We lost the game that day, but we all took away a valuable lesson.  We learned that the key to success, win or lose, is our focus.   

What is your focus today?  Is it fixated on the negative?  Are you distracted and frustrated?  I experience these things I just mentioned, and am drawn back to the day on that bus, and realize that I need to take control of that key  and lock in my focus.  Life will beat us up every single day if we allow it to.  Or we can direct our  focus on being the best we can be.  Thank you Coach Elling. 

Until next time.
-Luke

Tuesday, March 29, 2016

Humor Me Luke...

Do you have a mentor, someone in your life who inspires and challenges you to be the best you can be?
A mentor and inspiration to me was a man named Ted Hirsch.  I began working for Ted when I was twenty years old, and worked for him the next six years.  Ted owned a local farm and home supply store, I worked there every Saturday while attending college, and getting started in my career.  One of the tasks I had on Saturday was to do the store inventory so Ted could prepare the ordering for the upcoming week.  Every so often, something in my count wouldn't seem right to Ted, and he would gently ask me to check on it again.  I was often resistant to his urging, and would tell him I was sure my count was correct, and he would always reply "humor me Luke, just humor me."  Upon this request, I would go and check, and typically found that he was right.  Through his example, I learned a lot about the success of a solid work ethic.  I want to share with you today some qualities I saw in Ted that he passed on to me.  Through these next few things, I ask you to look deep inside yourself, challenge yourself to always give one-hundred percent, and do your best.  You can have a powerful and positive influence on someone's life by the one that you lead.

Be consistent in your personal growth. Don't stand still.  Seek out ways to learn every single day.  What are you passionate about?  What energizes you?  Do those things, do them often.

Complete the task at hand.  Make a goal, see it through, succeed or fail.  Do what you say you are going to do.

Re-set daily.  Take time in your day to mentally re-focus and re-charge.  It could be as simple as stepping out for a bowl of soup mid-day like Ted used to do.

What will you do today?  Will you work hard to be the best you can be?  You're going to face adversity, you're going to face struggles. You're going to shine through it. 

Until next time.
-Luke






Sunday, March 20, 2016

Just a glance.


Have you ever considered the power of just a glance? It could be a gentle look of love, a hot dart of passion, a dagger of judgment, a silent cry for help, or just a blank and apathetic stare.
This weekend I was with my three kids at a major retailer, and things were going pretty well! No meltdowns, not too much whining, a lot of laughing, and good manners. All in all, I was winning the battle of parenting that day. As I stepped into the checkout line and began to unload the cart, my little natives began to be restless.  My eldest son started dancing in place, my daughter went down the list of the 150 impossible to answer questions in 20 seconds, and my youngest just requested I purchase him gum, over and over and over and over.....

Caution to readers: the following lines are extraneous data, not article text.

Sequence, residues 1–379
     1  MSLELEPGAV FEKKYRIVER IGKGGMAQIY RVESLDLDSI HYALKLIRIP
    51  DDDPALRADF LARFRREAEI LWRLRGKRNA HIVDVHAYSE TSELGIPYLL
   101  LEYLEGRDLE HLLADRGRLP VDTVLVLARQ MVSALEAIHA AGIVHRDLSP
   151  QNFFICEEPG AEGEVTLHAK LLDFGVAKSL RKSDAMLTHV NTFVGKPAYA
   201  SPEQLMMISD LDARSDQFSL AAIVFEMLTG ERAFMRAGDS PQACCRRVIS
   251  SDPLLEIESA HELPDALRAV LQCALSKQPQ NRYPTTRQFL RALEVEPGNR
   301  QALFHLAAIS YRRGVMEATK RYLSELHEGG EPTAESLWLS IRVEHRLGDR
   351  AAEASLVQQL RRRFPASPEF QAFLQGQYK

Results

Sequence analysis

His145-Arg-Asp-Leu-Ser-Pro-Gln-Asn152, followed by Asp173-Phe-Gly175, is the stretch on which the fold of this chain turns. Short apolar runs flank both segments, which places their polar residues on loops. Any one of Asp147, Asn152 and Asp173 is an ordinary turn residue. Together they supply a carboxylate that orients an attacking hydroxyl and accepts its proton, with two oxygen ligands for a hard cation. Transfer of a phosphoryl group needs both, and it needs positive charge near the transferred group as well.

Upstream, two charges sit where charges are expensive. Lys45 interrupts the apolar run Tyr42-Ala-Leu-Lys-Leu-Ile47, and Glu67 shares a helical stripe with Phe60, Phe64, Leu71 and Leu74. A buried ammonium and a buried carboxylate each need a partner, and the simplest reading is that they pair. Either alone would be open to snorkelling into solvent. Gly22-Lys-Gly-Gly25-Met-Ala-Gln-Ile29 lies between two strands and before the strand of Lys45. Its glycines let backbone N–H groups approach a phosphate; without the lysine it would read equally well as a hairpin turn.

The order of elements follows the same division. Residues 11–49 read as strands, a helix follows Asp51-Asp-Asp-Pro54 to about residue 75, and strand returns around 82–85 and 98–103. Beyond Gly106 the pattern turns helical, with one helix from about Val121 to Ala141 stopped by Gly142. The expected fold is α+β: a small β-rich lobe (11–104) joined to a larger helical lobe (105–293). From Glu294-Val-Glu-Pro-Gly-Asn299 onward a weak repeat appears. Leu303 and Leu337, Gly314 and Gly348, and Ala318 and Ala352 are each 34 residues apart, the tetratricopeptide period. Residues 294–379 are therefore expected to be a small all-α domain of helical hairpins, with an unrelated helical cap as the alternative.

As I placed my final item on the conveyor belt, I looked up at the cashier and noticed her seemingly unhappy, disapproving, and judgemental glances directed toward us. 
At first, I wanted to react negatively, throw my own version of a furled eyebrow in her direction, but this time, I stopped.  I suddenly softened my defensiveness and considered that I have no idea what her life is like. I had no idea what she may be experiencing today. As this thought crossed my mind I decided to do something contrary to my nature. I decided to offer a gentle warm gaze with a smile. Not an angry "how dare you judge us" look that was my initial reaction, but something that may make her day better, even just for a moment.  After I did this, I noticed her countenance change significantly. The look of disdain disappeared from her face, she even reached down underneath her drawer and gave my kids stickers!
I want to live better, I want to be more positive. I want to show others love and respect.  
We can do this together. Sometimes all it takes is just a glance.
Until next time.
-Luke 





 

Friday, March 11, 2016

Why We Remember.

Ten years ago this week the lives of my family changed forever. A decision made by a man to drive while intoxicated took the life of my then five year old niece, Megan Thomas. I remember every detail of that night. From being detoured on my drive home from work, to the call from my Dad to hurry to the fire hall to find out which hospital the helicopter was going to transport her to. The looks on the faces of the volunteer EMS personnel who were on scene. My brother Sam's pale hands clutched together to keep from trembling while driving him to the hospital (not aware yet of the outcome, only knowing that she had been hurt). The hug from my Dad as he whispered "she's gone" in my ear, and so much more.  

I want to tell you why we remember Megan. 

We remember because we want to.